But from the vantage point of the player on the field, theosis requires engaging in the messy, every-day realities of living and loving. In fact, it requires an even more risky self-engagement, as you recognize and then do battle with your own tendencies to disassociate, disengage, and disconnect from reality. This is why Jesus used an array of disconcerting images about living like Him. The images, in total, portray life as far more risky, dangerous, messy, unpredictable, and unselfish than we’d like. To become rich, we choose poverty. To experience happiness, we walk through the valley of lament. To receive mercy, we give it. To be satisfied, we empty ourselves. To find ourselves, we lose ourselves. It’s radical engagement with ourselves and with the world. The psychological equivalent of disengagement, on the other hand, is denial.
And we, counselors, often call that neurosis. Carl Jung once said, “Our world is, so to speak, dissociated like a neurotic.” What he observed was not only individuals who escaped reality through a myriad of virtual realities, but saw a world mired in systemic disengagement, addiction, disassociation, and virtual reality – (all before the advent of video games and the internet!). Neurosis eats away at theosis. It tells the heart, “Don’t take that risk. You might get hurt.” In doing so, it erodes a sense of Christ-like vulnerability which leads us to more intimate relationship with our fellow humans. Neurosis, at its heart, is de-humanizing. Theosis, on the other hand, is radically humanizing in the sense that it invites to become who we were meant to be, found in the cruciform God – Jesus.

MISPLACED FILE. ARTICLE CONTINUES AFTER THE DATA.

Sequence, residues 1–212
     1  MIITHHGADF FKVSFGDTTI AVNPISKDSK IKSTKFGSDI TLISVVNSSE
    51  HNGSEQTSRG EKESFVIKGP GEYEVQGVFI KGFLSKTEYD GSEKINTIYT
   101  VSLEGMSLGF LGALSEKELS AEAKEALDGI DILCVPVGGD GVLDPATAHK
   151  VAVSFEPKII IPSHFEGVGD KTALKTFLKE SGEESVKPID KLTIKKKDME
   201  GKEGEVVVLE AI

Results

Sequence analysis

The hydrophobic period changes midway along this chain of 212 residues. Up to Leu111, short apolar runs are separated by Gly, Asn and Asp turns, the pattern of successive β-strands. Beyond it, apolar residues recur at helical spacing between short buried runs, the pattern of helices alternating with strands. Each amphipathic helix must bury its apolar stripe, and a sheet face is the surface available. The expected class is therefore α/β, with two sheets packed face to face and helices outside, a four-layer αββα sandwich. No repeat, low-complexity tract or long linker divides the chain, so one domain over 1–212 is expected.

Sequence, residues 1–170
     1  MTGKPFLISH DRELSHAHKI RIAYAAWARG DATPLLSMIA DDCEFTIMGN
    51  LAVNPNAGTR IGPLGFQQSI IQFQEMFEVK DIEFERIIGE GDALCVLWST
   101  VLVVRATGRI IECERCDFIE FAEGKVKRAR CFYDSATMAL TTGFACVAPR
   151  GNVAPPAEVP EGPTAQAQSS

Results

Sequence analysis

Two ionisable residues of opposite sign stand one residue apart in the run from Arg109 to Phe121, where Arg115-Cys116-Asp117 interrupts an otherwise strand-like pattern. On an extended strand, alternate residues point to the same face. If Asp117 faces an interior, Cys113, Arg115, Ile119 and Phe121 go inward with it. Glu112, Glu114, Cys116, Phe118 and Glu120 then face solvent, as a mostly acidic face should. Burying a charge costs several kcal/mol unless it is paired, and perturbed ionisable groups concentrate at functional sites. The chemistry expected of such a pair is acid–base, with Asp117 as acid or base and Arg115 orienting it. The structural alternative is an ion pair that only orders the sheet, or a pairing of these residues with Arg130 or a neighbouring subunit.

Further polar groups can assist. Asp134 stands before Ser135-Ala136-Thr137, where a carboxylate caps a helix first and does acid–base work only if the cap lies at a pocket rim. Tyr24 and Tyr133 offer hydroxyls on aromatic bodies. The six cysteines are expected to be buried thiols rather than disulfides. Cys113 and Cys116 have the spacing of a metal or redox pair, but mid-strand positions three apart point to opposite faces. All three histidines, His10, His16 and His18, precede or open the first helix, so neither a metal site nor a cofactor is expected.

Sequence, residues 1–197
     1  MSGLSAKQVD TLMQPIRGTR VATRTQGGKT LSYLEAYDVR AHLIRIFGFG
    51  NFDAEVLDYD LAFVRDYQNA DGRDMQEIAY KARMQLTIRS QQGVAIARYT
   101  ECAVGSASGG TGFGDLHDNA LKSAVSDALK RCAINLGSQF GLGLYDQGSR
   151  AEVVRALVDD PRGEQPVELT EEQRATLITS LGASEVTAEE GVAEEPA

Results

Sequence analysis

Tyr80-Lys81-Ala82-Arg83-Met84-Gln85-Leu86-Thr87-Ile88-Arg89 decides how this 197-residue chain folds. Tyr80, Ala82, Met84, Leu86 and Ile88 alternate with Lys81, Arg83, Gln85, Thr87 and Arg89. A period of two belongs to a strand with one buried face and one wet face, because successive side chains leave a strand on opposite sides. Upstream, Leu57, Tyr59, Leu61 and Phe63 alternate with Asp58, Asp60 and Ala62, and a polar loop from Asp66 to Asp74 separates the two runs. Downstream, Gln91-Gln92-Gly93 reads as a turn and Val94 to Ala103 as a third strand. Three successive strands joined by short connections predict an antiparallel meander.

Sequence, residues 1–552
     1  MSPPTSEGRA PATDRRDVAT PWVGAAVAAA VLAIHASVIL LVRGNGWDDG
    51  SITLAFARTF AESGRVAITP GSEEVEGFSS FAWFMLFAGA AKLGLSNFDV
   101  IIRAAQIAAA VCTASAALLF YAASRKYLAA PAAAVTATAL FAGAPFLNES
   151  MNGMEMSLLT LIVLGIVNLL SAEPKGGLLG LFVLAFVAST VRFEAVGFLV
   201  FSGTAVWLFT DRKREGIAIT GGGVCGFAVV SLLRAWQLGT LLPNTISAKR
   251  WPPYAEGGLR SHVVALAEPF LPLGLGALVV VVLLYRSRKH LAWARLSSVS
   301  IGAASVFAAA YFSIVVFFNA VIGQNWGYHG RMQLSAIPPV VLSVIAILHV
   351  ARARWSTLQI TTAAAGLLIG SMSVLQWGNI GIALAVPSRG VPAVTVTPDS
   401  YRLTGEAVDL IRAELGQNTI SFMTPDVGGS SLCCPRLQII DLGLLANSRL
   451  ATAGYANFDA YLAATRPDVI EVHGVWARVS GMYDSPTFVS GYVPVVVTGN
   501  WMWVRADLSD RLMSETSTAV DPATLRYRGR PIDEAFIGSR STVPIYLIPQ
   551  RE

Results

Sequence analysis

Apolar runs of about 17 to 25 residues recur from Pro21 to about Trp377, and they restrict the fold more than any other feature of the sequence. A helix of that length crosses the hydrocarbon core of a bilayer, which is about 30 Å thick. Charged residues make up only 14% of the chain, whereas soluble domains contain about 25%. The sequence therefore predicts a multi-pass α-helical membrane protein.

It also has many relevant applications for those of us who are “professional Christians.” Neurosis avoids theological engagement through theological conflict. Theosis requires theological engagement through self-giving love, dignity, and respect. Neurosis makes everyone an enemy. Theosis turns the other cheek. Neurosis leads to cynical detachment and fear-based alarmism. Theosis invites vulnerable (yet wise) incarnation into the dangerous and messy realities of life. Neurosis self-protects. Theosis self-empties.
Of course, there would be much to spell out as to what this looks like and how it manifests itself, particularly among those who have been abused (…because self-protection would not only be the wise thing, but the most godly thing to do). But this big-picture construct between theosis and neurosis puts words around a choice between “two roads that diverge in a wood.” Neurosis, of course, is a word that speaks of psychopathology and sin, but theosis marks out the path toward health, freedom, and full humanity. In the movie The Matrix, it was the choice between the red pill and the blue pill. And perhaps God, like Morpheus in the movie, says to us:
“You take the blue pill, the story ends, you wake up in your bed and believe whatever you want to believe. You take the red pill, you stay in Wonderland, and I show you how deep the rabbit hole goes.”
Theosis is the rabbit hole of Christ-habitation, to full humanness, to a life of risk, adventure, and joy. Take the red pill.